A Grand Shame
Published on Jul 15 2014 11:28 AM in Pub/Bar/Nightclub
Over 1,000 pubs have shut in Ireland since 2007, according to the Drinks Industry Group of Ireland (DIGI). At the Joint Oireactas Committee of Finance today, DIGI called for the reversal of excise on...
Over 1,000 pubs have shut in Ireland since 2007, according to the Drinks Industry Group of Ireland (DIGI). At the Joint Oireactas Committee of Finance today, DIGI called for the reversal of excise on alcohol which has cost jobs, has made our tourism offering less competitive and has punished the hard pressed Irish consumer.
DIGI represents 92,000 employees in pubs, restaurants, hotels, independent off-licences and drinks suppliers across the country. Speaking to the Committee today, Padraig Cribben, CEO of the VFI, who are members of DIGI said: “Excise damages our rural pubs and independent off-licences. Since 2007 over 1,000 pubs throughout Ireland have been forced to close. The small pubs in rural communities cannot soak up excise increases across a wide product mix, like a supermarket can – they are forced to pass the increase on to consumers who often assume the publican is price gauging. 80 per cent of the increase in the cost of a pint in the pub since 2011 has been directly caused by taxation. Excise damages our tourism offering. Ireland is the most expensive country in Europe to buy alcohol, which has been identified by tourists in Failte Ireland research to be one of their chief concerns about coming back to the country – second only to the weather."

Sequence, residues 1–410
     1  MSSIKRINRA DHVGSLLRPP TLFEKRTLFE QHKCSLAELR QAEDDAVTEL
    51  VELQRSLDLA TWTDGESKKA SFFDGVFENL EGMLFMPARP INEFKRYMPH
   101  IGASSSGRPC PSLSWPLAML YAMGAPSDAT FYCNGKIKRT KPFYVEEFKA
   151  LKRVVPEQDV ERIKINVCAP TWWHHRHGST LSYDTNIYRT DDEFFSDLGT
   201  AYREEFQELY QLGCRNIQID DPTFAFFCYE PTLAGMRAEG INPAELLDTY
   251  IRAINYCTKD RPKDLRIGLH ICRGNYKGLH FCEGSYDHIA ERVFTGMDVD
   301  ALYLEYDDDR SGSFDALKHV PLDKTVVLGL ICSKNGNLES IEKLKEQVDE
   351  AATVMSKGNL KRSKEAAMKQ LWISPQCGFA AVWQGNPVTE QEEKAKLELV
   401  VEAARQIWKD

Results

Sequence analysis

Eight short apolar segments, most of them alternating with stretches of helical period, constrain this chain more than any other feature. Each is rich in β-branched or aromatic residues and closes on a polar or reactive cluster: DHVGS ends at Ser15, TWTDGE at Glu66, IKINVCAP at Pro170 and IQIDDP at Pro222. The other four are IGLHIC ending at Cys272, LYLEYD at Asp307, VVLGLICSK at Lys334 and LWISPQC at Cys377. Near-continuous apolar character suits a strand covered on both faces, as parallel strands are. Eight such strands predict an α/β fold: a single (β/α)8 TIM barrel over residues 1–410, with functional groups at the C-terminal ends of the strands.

“Excise increases black market trade. The huge tax wedge on alcohol products is leading to a rise in black market trade, with seizures in counterfeit alcohol steadily rising. Excise does not tackle alcohol misuse. Excise is a blunt instrument that unfairly impacts on small local businesses and does not deliver on reducing harmful patterns, like binge drinking. It is a sledgehammer, not a scalpel. The Government is forcing pubs to charge more, which is driving consumers to buy cheap alcohol in supermarkets and drink at home. Alcohol costs are 78 per cent higher in this country than the European average, so clearly pricing is not addressing the problem.”